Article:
Veterinary Economics October 2012 Mailbox
In Dr. Jeff Rothstein’s article, "Bite the bullet and go paperless" (June 2012), he says, "… at our one-year anniversary of being paperless, we no longer pull out the paper chart, except by special request—which almost never happens. The bottom line: Anything older than a year usually has little bearing on the pet's current health status.” He goes on to say, “And any chronic or ongoing conditions would be addressed and documented electronically during the transition year." I understand that there’s always room for disagreement and different approaches to care, but I find these statements to be utter nonsense.
It would be a rare week when I didn't find something of importance in a patient chart that has a major impact on the pet’s current condition, something that didn't come up the previous year. This week alone, I have found descriptions of drug and vaccine reactions, lick sores following clipping for venipuncture, evidence of incompatibility between client statements of heartworm preventive use and the amount provided, and so on. These items may not have triggered a "special request,” but they could have had an important impact on the patient's well-being.
I have a very good memory, but I see hundreds of animals. And clients are notorious for their failure to recall events or recognize their significance. We keep thorough patient records and organize them so that important items can be seen quickly, and before every appointment I try to review the entire history, so that I am properly prepared. How often have you personally gone to a doctor and been upset that he or she was unaware of important items in your medical past?
I don't believe there’s any good reason not to have a patient's full history readily available at each appointment, regardless of whether that record is on paper or digital media. Often the doctor doesn't know what information will be important until it’s checked.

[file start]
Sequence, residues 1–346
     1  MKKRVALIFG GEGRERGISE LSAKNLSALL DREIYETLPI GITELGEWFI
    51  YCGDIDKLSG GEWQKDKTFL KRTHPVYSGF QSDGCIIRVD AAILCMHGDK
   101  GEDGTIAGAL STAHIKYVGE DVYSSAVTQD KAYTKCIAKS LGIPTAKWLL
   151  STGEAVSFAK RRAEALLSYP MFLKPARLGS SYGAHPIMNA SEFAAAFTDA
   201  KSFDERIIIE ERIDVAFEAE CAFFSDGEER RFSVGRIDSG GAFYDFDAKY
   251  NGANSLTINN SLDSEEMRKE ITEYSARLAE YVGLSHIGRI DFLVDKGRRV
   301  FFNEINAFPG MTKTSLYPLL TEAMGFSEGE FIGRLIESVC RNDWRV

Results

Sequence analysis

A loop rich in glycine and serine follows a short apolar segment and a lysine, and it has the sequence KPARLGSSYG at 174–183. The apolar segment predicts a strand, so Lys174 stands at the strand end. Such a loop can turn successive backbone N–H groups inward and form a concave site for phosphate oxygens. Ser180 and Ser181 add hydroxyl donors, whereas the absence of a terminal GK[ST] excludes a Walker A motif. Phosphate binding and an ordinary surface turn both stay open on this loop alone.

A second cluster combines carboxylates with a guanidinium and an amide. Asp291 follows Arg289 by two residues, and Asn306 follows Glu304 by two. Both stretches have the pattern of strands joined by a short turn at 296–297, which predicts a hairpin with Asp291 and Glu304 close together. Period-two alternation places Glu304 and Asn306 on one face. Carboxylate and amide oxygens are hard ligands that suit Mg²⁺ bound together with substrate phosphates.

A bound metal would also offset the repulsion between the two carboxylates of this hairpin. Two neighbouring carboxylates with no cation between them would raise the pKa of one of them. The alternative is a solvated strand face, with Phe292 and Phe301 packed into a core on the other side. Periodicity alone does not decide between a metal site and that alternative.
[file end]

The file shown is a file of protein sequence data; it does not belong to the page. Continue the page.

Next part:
Kenneth M. Kornheiser, DVM
You raise a good concern. However, I can tell you from personal experience that I have made the transition to paper in about 10 good-sized hospitals using the process described in “Bite the bullet and go paperless." It’s been very smooth and hasn’t been a problem for our veterinary team to adapt to. For established practices that want to go paperless, you have a few choices. First, you could input all old records from scratch, which is a tedious and costly process and one that would likely contain human error (due to the sheer volume of records, difficulty reading handwriting, and so on). Or you could pick a start date and enter all new transactions as paperless going forward and continue to refer to the paper charts until you no longer find you need them. (We typically find after a year we don't need them very often, but you can go as long as you like). You could also do a combination of these two or decide not to do it at all. It's easy to get caught up in analysis paralysis of what's the best way to go paperless. For our hospital group it came down to, "Let's do it," and we stuck with our original plan.
For us, many things like vaccine reactions are coded into the alert system in our veterinary software, so they show up automatically. Also, the medical history used for invoicing is still present and provides a general idea of tests, treatments, and medications prescribed.
In the end, we have to pick what we are comfortable with. I can only share what we've done over the past 15 years and what has worked well for a number of hospitals and nearly 200 team members.
Jeff Rothstein, DVM, MBA